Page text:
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Lebanon crisis

Lebanon’s PM-designate Mikati says resigning is out of the question for now

Published: Updated:

Lebanon’s Prime Minister-designate Najib Mikati said Thursday that resigning was still out of the question for now, against the backdrop of a stalled government formation process.

“Since the first day of the designation, I said that I was coming on a rescue mission, and I am not here just to be designated or to abandon efforts,” Mikati told Al Arabiya English in an interview from Beirut.

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International calls have mounted for Lebanese leaders to form a new government. The crisis-hit nation has been without a fully functioning government since the Beirut port blast in August of last year. The small nation is in dire need of reform and a conditioned IMF program relief package.

Over the past few months Lebanon has suffered of hourslong electricity cuts along with fuel and medicine shortages mainly caused by the depletion of country’s central bank reserves.

The International Monetary Fund, World Bank and leading international countries have said they will not provide assistance to the Lebanese state until reforms are implemented to combat rampant corruption and mismanagement of public funds.

Mikati added that he had not set a deadline for government formation.

“I always said that there was no constitutional deadline that defines the work of the designated prime minister, but, certainly, the deadline is not open indefinitely,” he said.

The two-time former premier said that as long as he feels that he can proceed with the mission and has not reached a “dead end,” he would continue to seek to form a government.

“Every decision I take will be based on an assessment of its repercussions on the general situation, and a resignation remains an option in light of the reality and its implications on the country.

“If resigning was a good option for the country, I would not hesitate to do so. But, so far, this option is out of the question,” Mikati said.

The formation of the government in Lebanon has been a complex process for decades due to the need to appease sectarian, domestic and regional factors.

“From here, this process takes time, but what I can say is that the obstacles so far are normal.”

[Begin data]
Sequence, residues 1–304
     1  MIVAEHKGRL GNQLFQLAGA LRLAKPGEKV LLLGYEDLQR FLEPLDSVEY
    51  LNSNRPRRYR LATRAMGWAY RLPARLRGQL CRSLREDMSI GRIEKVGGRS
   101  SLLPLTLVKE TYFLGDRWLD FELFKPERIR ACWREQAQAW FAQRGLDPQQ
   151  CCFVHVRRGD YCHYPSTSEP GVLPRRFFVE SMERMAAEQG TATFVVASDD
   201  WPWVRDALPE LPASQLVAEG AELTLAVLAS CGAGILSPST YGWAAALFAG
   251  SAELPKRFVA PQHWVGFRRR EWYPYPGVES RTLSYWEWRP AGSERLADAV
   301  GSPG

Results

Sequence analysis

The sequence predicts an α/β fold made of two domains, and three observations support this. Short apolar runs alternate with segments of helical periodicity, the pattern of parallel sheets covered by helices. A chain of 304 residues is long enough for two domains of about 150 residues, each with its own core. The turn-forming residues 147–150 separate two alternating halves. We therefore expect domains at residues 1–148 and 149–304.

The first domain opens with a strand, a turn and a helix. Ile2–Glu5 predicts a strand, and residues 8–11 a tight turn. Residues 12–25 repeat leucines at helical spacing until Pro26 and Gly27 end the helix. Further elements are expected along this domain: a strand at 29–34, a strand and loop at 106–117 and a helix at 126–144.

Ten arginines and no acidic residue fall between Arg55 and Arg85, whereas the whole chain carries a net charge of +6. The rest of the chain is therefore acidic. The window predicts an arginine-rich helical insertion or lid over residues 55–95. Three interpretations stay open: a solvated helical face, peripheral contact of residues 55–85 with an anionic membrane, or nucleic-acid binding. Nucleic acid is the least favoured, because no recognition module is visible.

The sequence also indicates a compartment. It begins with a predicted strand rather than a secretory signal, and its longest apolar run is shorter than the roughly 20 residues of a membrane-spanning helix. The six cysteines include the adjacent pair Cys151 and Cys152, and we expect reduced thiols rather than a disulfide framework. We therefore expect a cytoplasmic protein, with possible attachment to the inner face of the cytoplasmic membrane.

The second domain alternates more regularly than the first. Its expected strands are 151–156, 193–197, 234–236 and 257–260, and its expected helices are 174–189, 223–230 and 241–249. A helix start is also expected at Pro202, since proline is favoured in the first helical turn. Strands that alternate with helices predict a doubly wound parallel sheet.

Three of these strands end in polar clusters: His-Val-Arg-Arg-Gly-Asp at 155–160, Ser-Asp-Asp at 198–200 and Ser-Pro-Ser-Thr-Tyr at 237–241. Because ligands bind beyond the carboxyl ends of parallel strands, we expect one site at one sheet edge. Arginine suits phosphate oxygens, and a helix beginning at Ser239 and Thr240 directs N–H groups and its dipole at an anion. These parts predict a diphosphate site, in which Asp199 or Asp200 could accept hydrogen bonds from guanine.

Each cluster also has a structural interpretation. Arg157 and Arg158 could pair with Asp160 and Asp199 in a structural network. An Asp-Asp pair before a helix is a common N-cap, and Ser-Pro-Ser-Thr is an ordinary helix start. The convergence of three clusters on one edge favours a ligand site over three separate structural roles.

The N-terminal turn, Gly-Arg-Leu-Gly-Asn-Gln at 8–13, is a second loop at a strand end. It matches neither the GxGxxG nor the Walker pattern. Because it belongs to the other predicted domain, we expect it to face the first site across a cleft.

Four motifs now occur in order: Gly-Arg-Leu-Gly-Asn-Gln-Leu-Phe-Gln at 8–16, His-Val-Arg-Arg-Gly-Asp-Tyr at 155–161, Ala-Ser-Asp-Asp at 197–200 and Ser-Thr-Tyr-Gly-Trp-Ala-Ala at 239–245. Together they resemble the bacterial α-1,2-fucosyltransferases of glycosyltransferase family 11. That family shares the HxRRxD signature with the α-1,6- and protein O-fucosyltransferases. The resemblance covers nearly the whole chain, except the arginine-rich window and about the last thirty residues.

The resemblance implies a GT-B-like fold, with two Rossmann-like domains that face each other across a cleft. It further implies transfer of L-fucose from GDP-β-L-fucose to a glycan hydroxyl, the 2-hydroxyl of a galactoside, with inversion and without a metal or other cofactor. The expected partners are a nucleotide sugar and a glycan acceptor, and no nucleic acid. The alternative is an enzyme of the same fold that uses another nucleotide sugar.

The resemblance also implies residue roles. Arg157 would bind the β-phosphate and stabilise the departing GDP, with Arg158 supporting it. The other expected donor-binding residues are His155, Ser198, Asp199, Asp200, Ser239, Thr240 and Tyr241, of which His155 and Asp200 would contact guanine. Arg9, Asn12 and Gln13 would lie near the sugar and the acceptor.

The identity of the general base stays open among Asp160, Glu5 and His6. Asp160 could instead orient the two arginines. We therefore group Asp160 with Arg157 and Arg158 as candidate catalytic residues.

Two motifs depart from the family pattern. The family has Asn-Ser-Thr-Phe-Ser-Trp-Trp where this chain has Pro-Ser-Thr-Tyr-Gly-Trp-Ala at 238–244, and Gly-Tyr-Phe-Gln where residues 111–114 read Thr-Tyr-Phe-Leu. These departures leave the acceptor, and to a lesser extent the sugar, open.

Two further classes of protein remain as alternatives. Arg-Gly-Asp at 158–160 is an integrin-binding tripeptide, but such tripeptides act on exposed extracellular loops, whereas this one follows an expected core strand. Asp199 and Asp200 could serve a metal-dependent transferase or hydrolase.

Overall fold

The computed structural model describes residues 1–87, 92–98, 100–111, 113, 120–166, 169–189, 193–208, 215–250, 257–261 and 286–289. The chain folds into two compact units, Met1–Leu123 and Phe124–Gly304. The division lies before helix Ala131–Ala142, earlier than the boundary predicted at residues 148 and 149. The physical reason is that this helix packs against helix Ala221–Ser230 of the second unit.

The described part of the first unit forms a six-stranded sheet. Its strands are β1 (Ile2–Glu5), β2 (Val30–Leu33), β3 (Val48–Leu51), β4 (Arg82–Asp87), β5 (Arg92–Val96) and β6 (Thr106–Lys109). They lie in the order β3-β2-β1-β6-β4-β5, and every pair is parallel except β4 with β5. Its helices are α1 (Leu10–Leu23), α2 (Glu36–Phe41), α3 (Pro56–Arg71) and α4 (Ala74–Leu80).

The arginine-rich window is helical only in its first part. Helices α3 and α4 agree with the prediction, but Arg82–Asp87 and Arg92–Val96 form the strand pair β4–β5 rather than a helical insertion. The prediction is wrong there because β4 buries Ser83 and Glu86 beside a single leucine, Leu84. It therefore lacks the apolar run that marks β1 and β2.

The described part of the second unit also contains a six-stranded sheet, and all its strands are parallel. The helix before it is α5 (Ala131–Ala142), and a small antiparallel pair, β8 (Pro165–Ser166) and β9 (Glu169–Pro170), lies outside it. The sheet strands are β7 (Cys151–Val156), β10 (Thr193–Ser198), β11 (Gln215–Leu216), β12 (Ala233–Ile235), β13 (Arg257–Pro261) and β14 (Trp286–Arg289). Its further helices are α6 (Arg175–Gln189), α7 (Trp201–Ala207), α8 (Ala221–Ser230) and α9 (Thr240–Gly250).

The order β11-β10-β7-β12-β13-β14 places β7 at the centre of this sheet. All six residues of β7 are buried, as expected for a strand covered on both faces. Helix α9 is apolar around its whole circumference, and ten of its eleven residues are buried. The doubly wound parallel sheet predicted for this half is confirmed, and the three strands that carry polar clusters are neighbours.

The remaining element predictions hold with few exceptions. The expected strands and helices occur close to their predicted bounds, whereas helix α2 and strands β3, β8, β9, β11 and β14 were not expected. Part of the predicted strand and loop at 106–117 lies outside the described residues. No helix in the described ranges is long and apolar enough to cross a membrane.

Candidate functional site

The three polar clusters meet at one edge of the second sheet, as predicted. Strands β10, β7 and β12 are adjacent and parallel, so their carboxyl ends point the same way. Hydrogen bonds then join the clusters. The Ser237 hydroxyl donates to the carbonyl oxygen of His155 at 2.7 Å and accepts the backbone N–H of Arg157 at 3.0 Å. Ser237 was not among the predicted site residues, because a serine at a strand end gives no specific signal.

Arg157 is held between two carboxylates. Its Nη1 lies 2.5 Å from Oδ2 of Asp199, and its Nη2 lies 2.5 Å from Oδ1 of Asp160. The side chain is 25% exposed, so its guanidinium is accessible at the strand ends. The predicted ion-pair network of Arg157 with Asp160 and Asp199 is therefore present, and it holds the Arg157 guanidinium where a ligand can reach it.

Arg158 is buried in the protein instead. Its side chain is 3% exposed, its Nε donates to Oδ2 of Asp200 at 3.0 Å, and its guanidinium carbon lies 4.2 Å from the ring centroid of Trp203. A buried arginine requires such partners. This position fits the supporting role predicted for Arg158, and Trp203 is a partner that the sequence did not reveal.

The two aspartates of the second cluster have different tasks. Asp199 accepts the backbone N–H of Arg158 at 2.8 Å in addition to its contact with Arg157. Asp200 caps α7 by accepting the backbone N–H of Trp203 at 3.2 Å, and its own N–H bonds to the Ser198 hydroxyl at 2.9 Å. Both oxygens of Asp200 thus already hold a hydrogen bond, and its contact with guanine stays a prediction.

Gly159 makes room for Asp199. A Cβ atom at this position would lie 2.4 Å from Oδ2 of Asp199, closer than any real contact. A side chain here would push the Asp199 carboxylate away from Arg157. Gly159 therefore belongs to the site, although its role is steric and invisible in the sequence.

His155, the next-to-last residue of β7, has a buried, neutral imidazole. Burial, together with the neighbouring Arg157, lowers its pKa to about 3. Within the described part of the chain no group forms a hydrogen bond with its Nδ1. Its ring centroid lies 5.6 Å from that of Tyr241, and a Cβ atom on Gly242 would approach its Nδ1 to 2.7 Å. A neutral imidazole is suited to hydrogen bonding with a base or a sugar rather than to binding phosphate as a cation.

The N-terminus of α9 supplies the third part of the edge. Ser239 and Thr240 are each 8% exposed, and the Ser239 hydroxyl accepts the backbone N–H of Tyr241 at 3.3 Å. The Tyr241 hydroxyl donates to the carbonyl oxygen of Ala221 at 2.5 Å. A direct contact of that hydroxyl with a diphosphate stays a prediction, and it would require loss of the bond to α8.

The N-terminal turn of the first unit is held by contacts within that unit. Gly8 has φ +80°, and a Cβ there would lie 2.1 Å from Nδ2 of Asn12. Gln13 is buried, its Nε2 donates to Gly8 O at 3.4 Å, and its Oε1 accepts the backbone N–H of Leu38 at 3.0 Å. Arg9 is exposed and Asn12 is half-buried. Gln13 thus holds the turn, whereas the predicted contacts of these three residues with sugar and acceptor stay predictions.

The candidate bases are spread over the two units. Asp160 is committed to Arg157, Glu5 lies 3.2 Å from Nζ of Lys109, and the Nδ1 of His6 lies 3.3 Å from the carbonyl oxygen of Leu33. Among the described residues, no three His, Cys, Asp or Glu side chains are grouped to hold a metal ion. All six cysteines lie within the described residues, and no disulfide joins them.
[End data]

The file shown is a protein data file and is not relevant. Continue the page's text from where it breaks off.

Mikati and Lebanon’s president, Michel Aoun, are constitutionally tasked with forming the government.

And despite reports that there are tensions between the two, Mikati said the pair were determined to find a solution and agree on a new cabinet lineup.

“I am aware of my responsibility in this matter and that forming a government is better than not,” Mikati added.

Earlier in the day, Aoun’s office released a statement that appeared to be an implicit jab at Mikati.

The statement touched on “the unwillingness to form a government, the failure to carry out reforms, the refusal to fight corruption, the damage to the state’s credibility, and the starvation and impoverishment of the Lebanese.”

Political analysts and observers viewed this statement to be addressed to the Prime Minister-designate Mikati.

Mikati commented on the statement saying that his team had received formal clarifications from the presidency that it was not intended for him but rather a response to all political parties.

“Personally, I will not stop [working] due to bickering and differences because what concerns me is the formation of the government and narrowing the differences [between political sides]. In my statement this afternoon, before the Baabda statement, I said that I was proceeding with the formation process according to the principles I set from the first day and with openness to cooperation and consultation with the president. In return, I look forward to constructive cooperation away from the conditions and methods that have become norms [in recent years],” Mikati added.

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